Susan married Robert Tatton and had at least two sons, Thomas and George.
I give unto everye one of my daughter Tattons Children twelve pence a peece.
[See The Will of Thomas Tatton]
Initially I had Hester’s birth as about 1548 but I do not think this is correct having now seen the will and other evidence.
John Malte died in December 1546 shortly after writing his will, and there is no mention of Awdrey being married at this time. She was betrothed to Richard the illegitimate son of Richard Southwell, but this arrangement was formally broken sometime after December 1546 when John died.
Why John Harington married the daughter of a tailor and a laundress is still a bit a mystery, unless he was aware of who she really was – or how much property she was endowed with.
His branch of the Harington family had been impoverished after the wars of the roses and John was crawling his way back into favour – and had done a pretty good job so far under Henry and in the service of Sir Thomas Seymour. But he was a poet and a romantic – and quite often in trouble – and perhaps he was in love with Awdrey, at least for a while.
And after all she was an attendant to princess Elizabeth – a position for which she had no real credentials – and would be in good standing when Elizabeth became queen.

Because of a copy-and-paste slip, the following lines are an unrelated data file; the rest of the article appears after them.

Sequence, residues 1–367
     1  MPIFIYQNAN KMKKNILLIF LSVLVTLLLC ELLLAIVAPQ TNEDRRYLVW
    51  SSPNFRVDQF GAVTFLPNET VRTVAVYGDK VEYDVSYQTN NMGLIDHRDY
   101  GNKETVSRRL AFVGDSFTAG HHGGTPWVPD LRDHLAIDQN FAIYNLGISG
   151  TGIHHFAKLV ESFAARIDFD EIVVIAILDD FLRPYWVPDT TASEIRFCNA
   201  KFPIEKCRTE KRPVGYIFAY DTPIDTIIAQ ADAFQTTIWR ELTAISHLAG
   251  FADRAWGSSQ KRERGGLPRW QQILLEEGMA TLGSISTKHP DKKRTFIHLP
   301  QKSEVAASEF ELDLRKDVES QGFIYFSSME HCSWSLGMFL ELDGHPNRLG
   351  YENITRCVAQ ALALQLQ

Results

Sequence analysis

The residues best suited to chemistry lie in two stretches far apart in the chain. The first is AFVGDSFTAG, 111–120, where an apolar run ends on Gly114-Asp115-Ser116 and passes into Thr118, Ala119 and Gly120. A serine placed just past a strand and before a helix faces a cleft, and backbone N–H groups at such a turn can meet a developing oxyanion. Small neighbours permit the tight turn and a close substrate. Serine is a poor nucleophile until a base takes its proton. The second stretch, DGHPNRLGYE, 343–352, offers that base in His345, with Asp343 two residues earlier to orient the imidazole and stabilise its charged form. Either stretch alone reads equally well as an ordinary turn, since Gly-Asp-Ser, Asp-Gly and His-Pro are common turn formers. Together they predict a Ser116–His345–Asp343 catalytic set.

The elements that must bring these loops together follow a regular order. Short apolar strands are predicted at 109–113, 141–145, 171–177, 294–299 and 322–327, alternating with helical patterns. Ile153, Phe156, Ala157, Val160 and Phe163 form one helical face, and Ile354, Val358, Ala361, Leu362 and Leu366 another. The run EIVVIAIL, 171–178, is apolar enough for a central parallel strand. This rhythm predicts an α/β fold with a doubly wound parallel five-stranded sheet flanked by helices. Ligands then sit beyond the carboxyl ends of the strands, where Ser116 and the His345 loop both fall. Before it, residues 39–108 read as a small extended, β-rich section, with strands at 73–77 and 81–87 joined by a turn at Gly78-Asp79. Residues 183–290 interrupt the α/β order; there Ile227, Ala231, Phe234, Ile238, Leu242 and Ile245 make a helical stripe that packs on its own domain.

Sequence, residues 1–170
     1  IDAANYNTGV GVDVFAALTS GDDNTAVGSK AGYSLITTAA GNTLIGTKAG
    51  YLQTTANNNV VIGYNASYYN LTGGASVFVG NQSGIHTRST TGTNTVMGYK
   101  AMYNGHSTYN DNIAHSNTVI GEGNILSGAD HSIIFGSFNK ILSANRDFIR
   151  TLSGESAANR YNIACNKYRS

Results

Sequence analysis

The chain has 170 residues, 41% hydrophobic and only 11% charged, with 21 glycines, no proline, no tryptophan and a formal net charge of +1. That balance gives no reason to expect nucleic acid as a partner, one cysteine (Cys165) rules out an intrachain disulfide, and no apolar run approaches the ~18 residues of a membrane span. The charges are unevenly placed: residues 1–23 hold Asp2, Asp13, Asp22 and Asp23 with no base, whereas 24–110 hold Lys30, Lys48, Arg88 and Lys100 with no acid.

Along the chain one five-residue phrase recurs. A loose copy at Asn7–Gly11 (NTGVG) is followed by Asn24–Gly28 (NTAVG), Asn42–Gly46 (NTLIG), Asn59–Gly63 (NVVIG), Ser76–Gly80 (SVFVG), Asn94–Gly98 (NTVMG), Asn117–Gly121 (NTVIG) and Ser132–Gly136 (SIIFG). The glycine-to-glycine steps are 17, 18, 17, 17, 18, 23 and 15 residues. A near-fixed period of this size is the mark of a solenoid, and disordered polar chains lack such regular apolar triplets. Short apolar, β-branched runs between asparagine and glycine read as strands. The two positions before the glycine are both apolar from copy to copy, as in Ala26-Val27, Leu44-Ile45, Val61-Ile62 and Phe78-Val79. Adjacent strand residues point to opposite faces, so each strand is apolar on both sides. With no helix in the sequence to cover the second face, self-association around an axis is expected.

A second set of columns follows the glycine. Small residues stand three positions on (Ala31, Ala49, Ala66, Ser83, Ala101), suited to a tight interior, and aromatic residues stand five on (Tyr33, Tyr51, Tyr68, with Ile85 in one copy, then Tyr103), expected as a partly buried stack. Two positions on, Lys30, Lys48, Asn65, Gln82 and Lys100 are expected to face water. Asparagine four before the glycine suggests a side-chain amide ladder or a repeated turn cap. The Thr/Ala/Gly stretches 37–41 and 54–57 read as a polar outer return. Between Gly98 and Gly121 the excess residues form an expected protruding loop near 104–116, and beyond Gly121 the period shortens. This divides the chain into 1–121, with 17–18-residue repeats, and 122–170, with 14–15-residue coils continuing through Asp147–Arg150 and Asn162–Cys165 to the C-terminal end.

If Hester’s birth was as early as 1548 then she would then have been 20 years old when she is known to have been alive in 1568. This seems a little old to be sorting out property for a dowry and it is more likely that she was about 15 – as her mother had been when she was engaged – and therefore born after 1553.
This means she would have married at the much more reasonable age of 21 [and not 26].
In March 1554 Awdrey was in the Tower of London with Elizabeth and I think Hester was born sometime after this period. Her husband, John was also in the tower – in relation to the Lady Jane Grey affair – and wrote about his wife saying:
My wife is her servant, and doth but rejoice in this our misery, when we look with whom we are holden in bondage.
Hester is likely to have been born after Elizabeth was released from the tower – possibly as late as 1556 if she was only 18 when she married – but then she would have only been 12 during the recovery of Watchfield in 1568 – it doesn’t seem likely.
Awdrey does not seem to have been an attendant of Elizabeth’s before the Tower (or after) and it is suggested by Kate Emerson that she was placed there by her other half-sister, Mary but I doubt this would have been the case if she was pregnant or just given birth.
On the 19th May 1554, the future Elizabeth I was released from the Tower and escorted to Woodstock, where she was put under house-arrest so it is possible that Awdrey may also have been with Elizabeth as late as October 1554, during her period of house arrest.
John Harington, was held in the tower until January of the following year and if Awdrey was pregnant this would explain why she is not recorded as an attendant of the Queen after this period.
The portrait of Hester as a young child seems to have existed, but is now in a private collection and it is not possible to investigate if this is indeed genuine.